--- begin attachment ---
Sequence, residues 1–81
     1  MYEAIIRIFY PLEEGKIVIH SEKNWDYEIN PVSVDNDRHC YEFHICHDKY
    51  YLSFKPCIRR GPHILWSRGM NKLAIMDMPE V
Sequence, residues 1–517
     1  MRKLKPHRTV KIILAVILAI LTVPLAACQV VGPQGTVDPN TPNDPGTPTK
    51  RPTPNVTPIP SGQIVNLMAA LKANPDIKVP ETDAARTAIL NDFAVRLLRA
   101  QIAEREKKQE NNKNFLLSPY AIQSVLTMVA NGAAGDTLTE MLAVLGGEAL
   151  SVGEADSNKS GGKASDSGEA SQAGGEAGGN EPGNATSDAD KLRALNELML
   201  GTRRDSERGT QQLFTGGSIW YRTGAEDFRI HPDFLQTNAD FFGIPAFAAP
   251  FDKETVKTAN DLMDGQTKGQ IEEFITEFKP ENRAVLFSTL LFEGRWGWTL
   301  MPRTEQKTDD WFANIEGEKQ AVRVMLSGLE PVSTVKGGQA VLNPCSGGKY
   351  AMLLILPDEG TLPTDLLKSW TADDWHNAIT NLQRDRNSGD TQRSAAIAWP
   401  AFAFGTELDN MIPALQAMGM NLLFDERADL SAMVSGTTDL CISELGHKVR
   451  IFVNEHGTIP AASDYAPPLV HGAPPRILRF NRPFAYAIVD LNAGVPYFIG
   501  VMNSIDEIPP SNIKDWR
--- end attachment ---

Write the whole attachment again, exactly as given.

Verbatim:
Sequence, residues 1–81
     1  MYEAIIRIFY PLEEGKIVIH SEKNWDYEIN PVSVDNDRHC YEFHICHDKY
    51  YLSFKPCIRR GPHILWSRGM NKLAIMDMPE V
Sequence, residues 1–517
     1  MRKLKPHRTV KIILAVILAI LTVPLAACQV VGPQGTVDPN TPNDPGTPTK
    51  RPTPNVTPIP SGQIVNLMAA LKANPDIKVP ETDAARTAIL NDFAVRLLRA
   101  QIAEREKKQE NNKNFLLSPY AIQSVLTMVA NGAAGDTLTE MLAVLGGEAL
   151  SVGEADSNKS GGKASDSGEA SQAGGEAGGN EPGNATSDAD KLRALNELML
   201  GTRRDSERGT QQLFTGGSIW YRTGAEDFRI HPDFLQTNAD FFGIPAFAAP
   251  FDKETVKTAN DLMDGQTKGQ IEEFITEFKP ENRAVLFSTL LFEGRWGWTL
   301  MPRTEQKTDD WFANIEGEKQ AVRVMLSGLE PVSTVKGGQA VLNPCSGGKY
   351  AMLLILPDEG TLPTDLLKSW TADDWHNAIT NLQRDRNSGD TQRSAAIAWP
   401  AFAFGTELDN MIPALQAMGM NLLFDERADL SAMVSGTTDL CISELGHKVR
   451  IFVNEHGTIP AASDYAPPLV HGAPPRILRF NRPFAYAIVD LNAGVPYFIG
   501  VMNSIDEIPP SNIKDWR